NMa: No Abuse of Dominant Position by Municipality Amsterdam
Following a complaint made by Vereniging Eigen Huis (an association representing homeowners), NMa has concluded that the municipality of Amsterdam has not abused its dominant position in renting its land through long-term leases. The association's complaint related to the sharp increase in the level of ground rents, the annual payment which the lessee pays to the owner of the ground, in this case the municipality of Amsterdam.
Under the former leasehold conditions, the ground rent was determined on the basis of an amount to be paid annually, which remained unchanged for a specified period, subject to a maximum term of 75 years. At the moment that the ground rent is determined for a new term, the current value, for instance, determines the value of the ground. Since the value of the ground has increased over the years, this has been reflected in the newly determined ground rent. This explains the observed increase, according to NMa.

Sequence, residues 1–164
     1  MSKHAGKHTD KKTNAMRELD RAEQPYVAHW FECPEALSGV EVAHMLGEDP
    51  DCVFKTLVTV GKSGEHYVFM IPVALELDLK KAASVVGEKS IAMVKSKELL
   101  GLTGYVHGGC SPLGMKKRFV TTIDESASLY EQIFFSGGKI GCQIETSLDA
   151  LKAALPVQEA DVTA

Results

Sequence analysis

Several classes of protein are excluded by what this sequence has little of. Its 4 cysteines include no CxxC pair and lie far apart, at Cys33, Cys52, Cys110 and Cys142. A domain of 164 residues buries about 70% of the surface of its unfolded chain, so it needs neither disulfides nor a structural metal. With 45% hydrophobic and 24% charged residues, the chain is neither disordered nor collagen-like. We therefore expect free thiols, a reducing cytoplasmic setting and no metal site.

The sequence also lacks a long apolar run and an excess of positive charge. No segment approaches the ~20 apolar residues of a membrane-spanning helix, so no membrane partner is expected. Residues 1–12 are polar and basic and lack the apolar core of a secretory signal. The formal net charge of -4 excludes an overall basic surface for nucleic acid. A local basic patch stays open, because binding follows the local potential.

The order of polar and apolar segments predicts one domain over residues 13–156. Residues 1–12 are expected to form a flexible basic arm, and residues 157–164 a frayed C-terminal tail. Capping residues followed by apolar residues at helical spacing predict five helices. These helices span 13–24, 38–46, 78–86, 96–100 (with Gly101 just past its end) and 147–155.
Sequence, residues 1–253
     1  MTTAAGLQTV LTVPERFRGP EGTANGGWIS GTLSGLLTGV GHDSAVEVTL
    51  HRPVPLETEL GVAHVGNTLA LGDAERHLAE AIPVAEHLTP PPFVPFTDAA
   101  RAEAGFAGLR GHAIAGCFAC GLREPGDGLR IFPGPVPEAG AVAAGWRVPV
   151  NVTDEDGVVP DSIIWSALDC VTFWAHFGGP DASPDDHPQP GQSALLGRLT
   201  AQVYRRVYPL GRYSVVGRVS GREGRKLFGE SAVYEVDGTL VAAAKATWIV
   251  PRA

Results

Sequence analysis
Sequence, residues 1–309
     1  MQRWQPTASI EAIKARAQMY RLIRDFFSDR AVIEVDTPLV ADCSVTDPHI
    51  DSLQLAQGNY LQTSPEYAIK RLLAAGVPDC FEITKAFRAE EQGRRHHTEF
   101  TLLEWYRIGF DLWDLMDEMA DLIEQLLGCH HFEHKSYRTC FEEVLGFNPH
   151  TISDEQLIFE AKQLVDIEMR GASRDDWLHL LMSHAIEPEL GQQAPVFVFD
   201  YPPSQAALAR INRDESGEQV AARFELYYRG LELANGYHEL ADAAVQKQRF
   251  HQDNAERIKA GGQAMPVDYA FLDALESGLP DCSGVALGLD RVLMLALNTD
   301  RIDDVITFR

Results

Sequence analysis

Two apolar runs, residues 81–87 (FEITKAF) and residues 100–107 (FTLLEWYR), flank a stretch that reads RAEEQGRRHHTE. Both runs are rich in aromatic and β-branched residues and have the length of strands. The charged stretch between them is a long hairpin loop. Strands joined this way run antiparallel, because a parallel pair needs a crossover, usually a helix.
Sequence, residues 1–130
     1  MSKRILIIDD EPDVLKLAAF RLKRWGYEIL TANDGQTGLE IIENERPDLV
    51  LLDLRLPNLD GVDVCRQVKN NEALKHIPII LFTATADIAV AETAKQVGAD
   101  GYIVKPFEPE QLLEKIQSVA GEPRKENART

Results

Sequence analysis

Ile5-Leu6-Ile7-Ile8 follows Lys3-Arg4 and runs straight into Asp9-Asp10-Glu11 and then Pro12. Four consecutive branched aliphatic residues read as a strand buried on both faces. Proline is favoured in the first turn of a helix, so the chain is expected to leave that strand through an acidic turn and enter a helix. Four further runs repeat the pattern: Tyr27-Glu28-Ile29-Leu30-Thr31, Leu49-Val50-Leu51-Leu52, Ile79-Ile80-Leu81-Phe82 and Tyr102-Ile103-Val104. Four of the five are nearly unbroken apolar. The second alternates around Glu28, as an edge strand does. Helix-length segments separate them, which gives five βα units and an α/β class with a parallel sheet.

Vereniging Eigen Huis was also of the opinion that the municipality discriminates between lessees, since private individuals, for instance, pay a higher ground rent than housing corporations. NMa has established that the municipality does indeed treat housing corporations differently to private individuals. With regard to its leasehold policy, the municipality exercises a public duty (namely ensuring affordable housing for people with lower incomes). In doing so, the municipality does not act as a company and the Competition Act consequently does not apply to this.